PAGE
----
F & B Service Notes for 2nd Year Hotel Managment Students: Chap 06. aromatised wines


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F & B Service Notes for 2nd Year Hotel Managment Students: Chap 06. aromatised wines

  1. 1. AROMATIZED WINESDEFINITION____________________________________Wines that are flavoured and fortified are called Aromatized wines. Sweetening agentmay or may not be added. Examples are Vermouth, Commandaria, Dubonnet, Pineaude Charente etc.VARIOUS AROMATIZED WINES___________________Different aromatized wines are as follows:(i) VERMOUTH: Initially, the local wines that were flavoured with wormwood, werecalled as Vermouth in Germany. These were used medicinally as it was believed that ithad therapeutic and digestive properties. Later, the Italians and French commercialisedthe alcoholic drink. Benedetto Carpano of Turin was the first to offer vermouth for saleas a social drink in Turin, Italy. The French made a much drier product and openedproduction houses in Marseilles and Chambery. At that time there was a definitedemarcation of styles: Italian vermouth was sweet and red and the French version wasdry and white. Today, both styles are made in both countries.INGREDIENTSThere are up to 50 ingredients used in its making. It consists of flavouring agents, wine,sweetener and spirit.Flavouring agents: The main flavour comes from the flowers of the wormwood shrub.Other flavours include spices, hyssop, coriander, cloves, camomile, quinine and juniper.Wine: A placid, two – three year old, high-strength wine is used as a base wine. ForItalian Vermouth, the wine can come from any part of the country, but the French usethe wines of the Midi.Sweetener: This is either sugar syrup or mistelle (grape juice muted with brandy).Spirit: The spirit is usually neutral brandy.
  2. 2. MAKING VERMOUTHThe flavouring agents are steeped or infused in the spirit. The flavoured spirit is thenadded to the sweetened wine. The liquid is fined to free it from haze-formingsubstances. It is also refrigerated to crystallize the remaining tartrates, which then dropto the bottom of the vat. Finally, it is pasteurised to stabilize and sterilise and to keep thewine healthy and bright. Vermouth gets a short resting period. It has a short shelf-lifeand the wine is meant to be drunk young.STYLES OF VERMOUTH(a) Dry vermouth: It is also called French Vermouth or simply French. It has a base ofdry white wine and is light yellow with green tinge. It is served with ice and lemon andsometimes with a splash of soda. It is also a prime ingredient for the Dry Martini cocktail. Itis often used in the kitchen to flavour fish dishes.(b) Sweet vermouth or bianco: This is made from a dry white wine, which is flavoured,fortified and sweetened with mistelle.(c) Rose vermouth: It has a white wine base with a little sweetening added and it isflavoured, fortified and coloured pink with the addition of caramel.(d) Red vermouth: It is also called Italian Vermouth, Italian or simply It (as in Gin andIt). It is made from a white wine base, which is well sweetened, flavoured and fortified.The reddish brown colour comes from a generous addition of caramel.(e) Chambery: A light and very delicate vermouth made in the vicinity of the Savoiemountains. This is flavoured with Alpine herbs and is the only vermouth produced inFrance with an AOC status.(f) Chamberyzette: It is vermouth flavoured with wild Alpine strawberries.(g) Punt e Mes: It is made by Carpano in Turin. The drink is an acquired taste. It isheavily flavoured with quinine and has very pronounced contrasts of bitterness andsweetness. It has the colour of iodine. It is said that a broker came to Carpanos shop-cum-wine-bar and asked for his vemouth to have a point and a half of bitterness added.Apparently, some precious stocks had fallen by a point and a half on that particular day.The name stuck.POPULAR BRANDS OF VERMOUTHDry: Chambery, Cinzano, Martini, Noilly Prat, TorellaBitter-Sweet: Punt e MesSweet: Cinzano Bianco, Cinzano Red, Martini Bianco, Martini Rose, Martini Rosso and Noilly Prat Red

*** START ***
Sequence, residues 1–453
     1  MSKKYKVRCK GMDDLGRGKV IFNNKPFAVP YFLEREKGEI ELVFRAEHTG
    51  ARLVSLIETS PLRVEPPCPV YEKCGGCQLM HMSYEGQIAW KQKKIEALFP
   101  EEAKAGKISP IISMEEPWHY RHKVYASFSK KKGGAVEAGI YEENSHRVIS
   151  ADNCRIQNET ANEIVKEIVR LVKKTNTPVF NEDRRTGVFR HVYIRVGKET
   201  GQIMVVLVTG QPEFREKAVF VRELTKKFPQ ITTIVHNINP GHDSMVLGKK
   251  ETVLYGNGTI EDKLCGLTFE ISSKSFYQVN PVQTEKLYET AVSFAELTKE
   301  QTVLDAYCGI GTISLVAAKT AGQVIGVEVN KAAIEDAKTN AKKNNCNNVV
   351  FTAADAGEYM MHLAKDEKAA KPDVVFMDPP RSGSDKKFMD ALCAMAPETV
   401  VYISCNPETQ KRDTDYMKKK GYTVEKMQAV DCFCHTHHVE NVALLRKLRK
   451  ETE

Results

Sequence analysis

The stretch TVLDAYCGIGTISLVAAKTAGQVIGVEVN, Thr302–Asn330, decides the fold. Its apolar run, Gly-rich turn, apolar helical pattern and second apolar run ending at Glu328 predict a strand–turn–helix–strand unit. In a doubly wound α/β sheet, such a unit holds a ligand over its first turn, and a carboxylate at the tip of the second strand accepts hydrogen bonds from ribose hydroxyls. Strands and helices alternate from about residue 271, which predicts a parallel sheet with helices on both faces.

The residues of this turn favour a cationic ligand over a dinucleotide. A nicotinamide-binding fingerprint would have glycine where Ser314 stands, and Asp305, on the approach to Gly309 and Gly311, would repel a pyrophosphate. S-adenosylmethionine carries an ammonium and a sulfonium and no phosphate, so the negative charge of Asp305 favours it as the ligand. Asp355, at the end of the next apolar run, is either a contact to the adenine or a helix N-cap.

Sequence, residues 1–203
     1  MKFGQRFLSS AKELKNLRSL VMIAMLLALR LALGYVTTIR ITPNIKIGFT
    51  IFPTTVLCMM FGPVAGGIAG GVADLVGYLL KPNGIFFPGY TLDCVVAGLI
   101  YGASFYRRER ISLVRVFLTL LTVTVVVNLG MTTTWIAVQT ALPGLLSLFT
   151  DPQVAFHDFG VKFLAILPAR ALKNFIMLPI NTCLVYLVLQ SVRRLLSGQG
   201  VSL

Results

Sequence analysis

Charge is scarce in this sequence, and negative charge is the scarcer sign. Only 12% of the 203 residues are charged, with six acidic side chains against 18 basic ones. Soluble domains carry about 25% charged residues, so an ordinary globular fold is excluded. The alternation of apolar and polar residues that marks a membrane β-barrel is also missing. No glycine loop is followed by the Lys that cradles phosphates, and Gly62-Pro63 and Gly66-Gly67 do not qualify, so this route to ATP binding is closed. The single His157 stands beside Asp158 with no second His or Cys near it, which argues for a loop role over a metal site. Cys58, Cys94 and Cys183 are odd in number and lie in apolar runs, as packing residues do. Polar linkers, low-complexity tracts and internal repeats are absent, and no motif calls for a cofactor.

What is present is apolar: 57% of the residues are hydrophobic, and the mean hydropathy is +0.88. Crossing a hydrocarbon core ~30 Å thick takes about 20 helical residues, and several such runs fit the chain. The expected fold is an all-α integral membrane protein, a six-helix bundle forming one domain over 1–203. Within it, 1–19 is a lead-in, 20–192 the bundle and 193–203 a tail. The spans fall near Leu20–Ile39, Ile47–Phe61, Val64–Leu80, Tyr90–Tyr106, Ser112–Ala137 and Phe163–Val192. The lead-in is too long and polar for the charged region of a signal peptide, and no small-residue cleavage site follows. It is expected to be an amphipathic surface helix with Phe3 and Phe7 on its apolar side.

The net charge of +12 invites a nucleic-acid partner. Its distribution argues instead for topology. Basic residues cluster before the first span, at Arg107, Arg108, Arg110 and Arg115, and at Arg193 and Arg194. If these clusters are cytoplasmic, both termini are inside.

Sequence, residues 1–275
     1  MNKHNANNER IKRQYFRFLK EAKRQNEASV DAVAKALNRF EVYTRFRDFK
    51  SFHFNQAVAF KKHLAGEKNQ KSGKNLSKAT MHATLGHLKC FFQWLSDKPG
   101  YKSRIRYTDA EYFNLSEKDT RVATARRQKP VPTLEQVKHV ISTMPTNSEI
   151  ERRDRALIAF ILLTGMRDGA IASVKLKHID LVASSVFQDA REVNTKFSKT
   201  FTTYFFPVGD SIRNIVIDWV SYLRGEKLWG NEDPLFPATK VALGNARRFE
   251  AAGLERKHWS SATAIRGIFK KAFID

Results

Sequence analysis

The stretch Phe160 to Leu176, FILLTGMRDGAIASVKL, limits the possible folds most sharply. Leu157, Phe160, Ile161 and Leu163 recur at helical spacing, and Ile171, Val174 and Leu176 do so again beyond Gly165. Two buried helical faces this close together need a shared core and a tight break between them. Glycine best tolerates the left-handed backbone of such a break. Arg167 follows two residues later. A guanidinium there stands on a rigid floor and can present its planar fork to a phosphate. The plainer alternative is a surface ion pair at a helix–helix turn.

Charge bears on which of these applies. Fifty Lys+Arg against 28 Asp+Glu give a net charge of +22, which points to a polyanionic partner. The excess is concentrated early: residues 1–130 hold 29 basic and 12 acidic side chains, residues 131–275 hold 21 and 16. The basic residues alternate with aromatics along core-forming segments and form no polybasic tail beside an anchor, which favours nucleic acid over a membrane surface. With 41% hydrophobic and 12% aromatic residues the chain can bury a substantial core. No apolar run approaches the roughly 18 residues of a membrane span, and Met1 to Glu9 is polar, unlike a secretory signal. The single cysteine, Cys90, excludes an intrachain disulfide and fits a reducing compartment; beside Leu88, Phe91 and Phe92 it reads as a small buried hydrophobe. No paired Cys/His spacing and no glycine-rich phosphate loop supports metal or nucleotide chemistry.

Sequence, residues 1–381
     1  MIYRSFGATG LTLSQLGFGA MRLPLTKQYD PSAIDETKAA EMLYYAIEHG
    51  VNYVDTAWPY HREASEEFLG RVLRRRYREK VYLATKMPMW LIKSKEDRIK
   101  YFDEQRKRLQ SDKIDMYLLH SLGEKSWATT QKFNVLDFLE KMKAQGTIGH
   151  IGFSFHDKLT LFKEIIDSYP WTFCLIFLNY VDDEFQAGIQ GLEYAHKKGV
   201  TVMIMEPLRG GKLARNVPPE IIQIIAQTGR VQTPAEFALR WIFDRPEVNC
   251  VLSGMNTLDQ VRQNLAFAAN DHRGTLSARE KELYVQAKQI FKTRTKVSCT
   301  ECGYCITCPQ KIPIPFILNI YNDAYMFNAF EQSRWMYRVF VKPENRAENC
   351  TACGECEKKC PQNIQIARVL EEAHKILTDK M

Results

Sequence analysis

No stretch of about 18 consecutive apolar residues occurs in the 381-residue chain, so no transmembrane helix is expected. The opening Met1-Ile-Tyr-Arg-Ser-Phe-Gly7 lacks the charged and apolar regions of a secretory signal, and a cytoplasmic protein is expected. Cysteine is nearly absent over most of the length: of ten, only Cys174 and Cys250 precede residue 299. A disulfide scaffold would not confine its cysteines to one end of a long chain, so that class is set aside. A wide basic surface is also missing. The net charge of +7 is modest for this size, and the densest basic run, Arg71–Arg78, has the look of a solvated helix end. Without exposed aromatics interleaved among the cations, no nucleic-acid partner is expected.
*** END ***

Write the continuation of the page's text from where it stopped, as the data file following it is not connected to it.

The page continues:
3. 3. (ii) DUBONNET: It is made at Thuir in south-west France. Dubonnet made byJoseph Dubonnet was used as a tonic. Modern versions have a wine base, flavouredwith quinine and bitter herbs with additions of mistelle and spirit. It is blonde (white) orrouge (red) and is consumed as an aperitif.(iii) ST RAPHAEL: This bitter-sweet drink from France is flavoured with herbs andquinine. It may be red and sweet or white and less sweet, or there is also an extra drystyle. St Raphael is a type of Ratafia, the good will drink formerly offered when a legaldocument or contract was agreed, signed and ratified.(iv) LlLLET: Lillet is made from white Bordeaux wine, herbs and fruit peel andfortified with Armagnac brandy. It is a favourite in France.(v) SUZE: Suze is a bright yellow French aperitif flavoured with gentian and herbs. Itis bitter in flavour with supposedly digestive properties.(vi) PINEAU DES CHARENTES: This is a popular sweet aperitif from the Cognacarea. Pineau is a heady mixture of Cognac and grape juice. It may be white, rose or redin colour. It can be drunk neat or with ice and is also adaptable for mixing with orangejuice, white wine or tonic water. It can be drunk during, before or after a meal. Itsalcoholic strength is between 16 and 22% and the residual sugar content is 125 – 40 gper litre.POINTS TO PONDER____________________________1. Explain the following aperitifs: (a) Dubonnet (b) Vermouth [Nov-05]2. Explain the term “Mistelle”. [Nov-05]3. Explain the following: (a) Punt-E-Mes (b) Dubonnet (c) Vermouth (d) St. Raphael [April-05 / Nov-04]4. Explain the following: (a) Pineau des charentes [Nov-04]5. Most famous pinky red, bitter-sweet Italian aperitif wine is ______________. [Nov- 04]6. Write a short note on “Vermouth”. [Nov-04] ************************* ******************* ************** **********